According to the Centers for Disease Control and Prevention (CDC), the three most prevalent oral health problems are cavities, gum disease and oral cancer. While there are ways to treat these issues, the best form of care is prevention. As you continue reading, learn about each condition and discover what you can do to protect yourself.
Also referred to as dental caries, cavities are holes that can develop in the enamel (the hard-outer layer of the teeth). Oral bacteria feed on leftover food and beverage particles, and several types can eventually conjoin to form plaque, releasing acids that cause tooth decay. Items high in sugar are the main contributors to enamel wear.
The good news is that cavities are preventable. It starts with maintaining a healthy diet, which involves eating more natural foods and monitoring your sugar intake.
Dental negligence can eventually lead to gum inflammation (called gingivitis). This is the initial phase of gum disease (periodontitis), where the soft tissue has become irritated. If the necessary dental care changes aren’t made, there can be permanent damage to the bone and ligaments that secure the teeth. Untreated, periodontitis can even result in tooth loss.
Cavities are typically earlier warning signs of poor oral health. By making the right changes to prevent them from reoccurring, you’ll also be protecting your gums.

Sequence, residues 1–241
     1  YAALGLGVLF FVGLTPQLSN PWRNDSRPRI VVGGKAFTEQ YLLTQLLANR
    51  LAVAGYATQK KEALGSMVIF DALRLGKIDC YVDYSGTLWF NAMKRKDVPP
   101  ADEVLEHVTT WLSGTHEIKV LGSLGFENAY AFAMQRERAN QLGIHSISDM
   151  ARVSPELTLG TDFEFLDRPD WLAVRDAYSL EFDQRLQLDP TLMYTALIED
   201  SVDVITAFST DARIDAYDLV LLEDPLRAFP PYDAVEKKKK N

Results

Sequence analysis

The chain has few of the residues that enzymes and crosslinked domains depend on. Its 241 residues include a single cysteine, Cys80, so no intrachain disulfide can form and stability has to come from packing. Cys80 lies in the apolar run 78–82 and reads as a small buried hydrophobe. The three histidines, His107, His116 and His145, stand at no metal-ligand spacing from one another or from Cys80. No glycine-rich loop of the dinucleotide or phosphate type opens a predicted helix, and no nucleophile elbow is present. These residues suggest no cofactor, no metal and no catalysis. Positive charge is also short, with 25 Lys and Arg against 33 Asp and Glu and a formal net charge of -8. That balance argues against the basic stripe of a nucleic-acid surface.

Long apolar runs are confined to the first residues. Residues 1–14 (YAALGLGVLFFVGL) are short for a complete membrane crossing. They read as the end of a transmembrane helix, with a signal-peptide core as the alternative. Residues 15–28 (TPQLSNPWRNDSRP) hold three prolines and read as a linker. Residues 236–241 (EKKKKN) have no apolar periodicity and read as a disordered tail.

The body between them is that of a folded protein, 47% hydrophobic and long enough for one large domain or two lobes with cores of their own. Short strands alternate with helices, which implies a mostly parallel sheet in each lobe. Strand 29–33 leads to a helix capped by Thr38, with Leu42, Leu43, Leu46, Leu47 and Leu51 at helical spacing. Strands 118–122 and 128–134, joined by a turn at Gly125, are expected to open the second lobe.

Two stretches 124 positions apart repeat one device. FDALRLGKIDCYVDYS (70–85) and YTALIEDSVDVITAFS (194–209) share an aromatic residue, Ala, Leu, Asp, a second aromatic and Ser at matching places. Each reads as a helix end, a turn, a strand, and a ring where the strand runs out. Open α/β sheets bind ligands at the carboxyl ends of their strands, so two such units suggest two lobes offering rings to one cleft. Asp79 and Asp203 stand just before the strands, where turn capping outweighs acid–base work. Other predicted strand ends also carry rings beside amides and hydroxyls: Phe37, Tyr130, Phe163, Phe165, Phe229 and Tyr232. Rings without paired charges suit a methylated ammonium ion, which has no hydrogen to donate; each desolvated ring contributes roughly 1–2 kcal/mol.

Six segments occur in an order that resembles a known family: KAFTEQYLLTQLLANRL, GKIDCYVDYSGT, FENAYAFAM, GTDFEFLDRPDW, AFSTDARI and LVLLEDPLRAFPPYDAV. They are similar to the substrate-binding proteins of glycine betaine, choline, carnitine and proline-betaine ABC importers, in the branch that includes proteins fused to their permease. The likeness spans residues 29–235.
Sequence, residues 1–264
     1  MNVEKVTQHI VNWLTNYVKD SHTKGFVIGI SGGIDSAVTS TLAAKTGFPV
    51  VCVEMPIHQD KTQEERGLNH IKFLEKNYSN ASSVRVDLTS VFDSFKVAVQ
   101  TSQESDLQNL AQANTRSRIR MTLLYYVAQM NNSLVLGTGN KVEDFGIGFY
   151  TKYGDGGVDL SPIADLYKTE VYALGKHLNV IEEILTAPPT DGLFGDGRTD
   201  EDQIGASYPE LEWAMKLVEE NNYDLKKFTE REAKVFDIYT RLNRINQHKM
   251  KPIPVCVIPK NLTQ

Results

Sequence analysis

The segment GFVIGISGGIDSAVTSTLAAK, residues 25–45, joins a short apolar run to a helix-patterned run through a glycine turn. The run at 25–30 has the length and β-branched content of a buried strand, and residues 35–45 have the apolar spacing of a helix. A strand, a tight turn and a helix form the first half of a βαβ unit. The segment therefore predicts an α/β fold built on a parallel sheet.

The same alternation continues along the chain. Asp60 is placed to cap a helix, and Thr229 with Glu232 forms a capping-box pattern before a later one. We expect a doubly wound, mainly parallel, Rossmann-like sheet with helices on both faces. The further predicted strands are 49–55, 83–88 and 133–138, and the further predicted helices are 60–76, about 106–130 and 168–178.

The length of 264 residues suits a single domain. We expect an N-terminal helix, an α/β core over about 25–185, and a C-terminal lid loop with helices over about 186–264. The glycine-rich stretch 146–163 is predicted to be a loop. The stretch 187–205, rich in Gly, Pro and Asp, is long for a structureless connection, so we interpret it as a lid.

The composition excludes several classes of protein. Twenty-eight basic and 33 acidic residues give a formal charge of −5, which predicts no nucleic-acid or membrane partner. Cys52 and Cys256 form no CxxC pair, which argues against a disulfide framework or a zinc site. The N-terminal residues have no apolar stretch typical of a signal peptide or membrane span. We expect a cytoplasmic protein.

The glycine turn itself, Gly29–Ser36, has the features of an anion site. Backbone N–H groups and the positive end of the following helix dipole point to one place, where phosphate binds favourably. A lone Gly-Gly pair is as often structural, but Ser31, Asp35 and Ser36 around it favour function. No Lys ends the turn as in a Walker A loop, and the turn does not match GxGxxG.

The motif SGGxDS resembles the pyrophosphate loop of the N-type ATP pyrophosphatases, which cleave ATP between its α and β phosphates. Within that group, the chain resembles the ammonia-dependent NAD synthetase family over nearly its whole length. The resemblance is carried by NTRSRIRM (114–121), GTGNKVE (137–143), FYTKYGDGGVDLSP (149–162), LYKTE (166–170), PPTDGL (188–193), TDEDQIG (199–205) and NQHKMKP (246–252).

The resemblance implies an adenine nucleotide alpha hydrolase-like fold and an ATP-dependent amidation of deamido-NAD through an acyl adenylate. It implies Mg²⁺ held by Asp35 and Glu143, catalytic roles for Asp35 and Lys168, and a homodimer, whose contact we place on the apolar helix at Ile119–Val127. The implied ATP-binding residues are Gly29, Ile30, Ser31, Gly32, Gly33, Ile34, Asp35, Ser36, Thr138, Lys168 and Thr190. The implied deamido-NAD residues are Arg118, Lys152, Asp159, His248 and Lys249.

In many ways, oral health issues can have a domino effect. Just as ignoring the warning signs of cavities can leave you more susceptible to periodontal disease, failing to address gum health issues can increase your risk of developing oral cancer. At this point, the stakes are much higher, as nearly 25% of the new cases each year are fatal. However, with early detection and treatment, the 5-year survival rate is about 61%.
Of course, the best form of treatment for oral cancer is to prevent it from developing. Avoiding the use of tobacco products and maintaining excellent dental care habits play a big role in staying healthy.
The Power of Dental Care
It’s recommended that you visit a dentist every six months for cleanings and checkups. Any stubborn plaque and tartar will be removed to leave you with a healthy mouth. Arguably more important is your dental hygiene routine. You should be brushing and flossing at least two times a day. This will help to control bacteria and plaque growth to fortify your teeth and gums.
These steps are simple, yet effective. By taking a forward and proactive approach to your oral health, you can be better protected and enjoy a beautiful smile for years to come!
About the Author
Dr. Rodney L. Allen earned his dental degree from Baylor College of Dentistry. To further expand his knowledge, he has participated in a number of continuing education programs and received advanced training at Spear Education. Dr. Allen helps his patients prevent oral health issues by providing comprehensive care at his private practice, and he can be reached for more information or to schedule a visit through his website.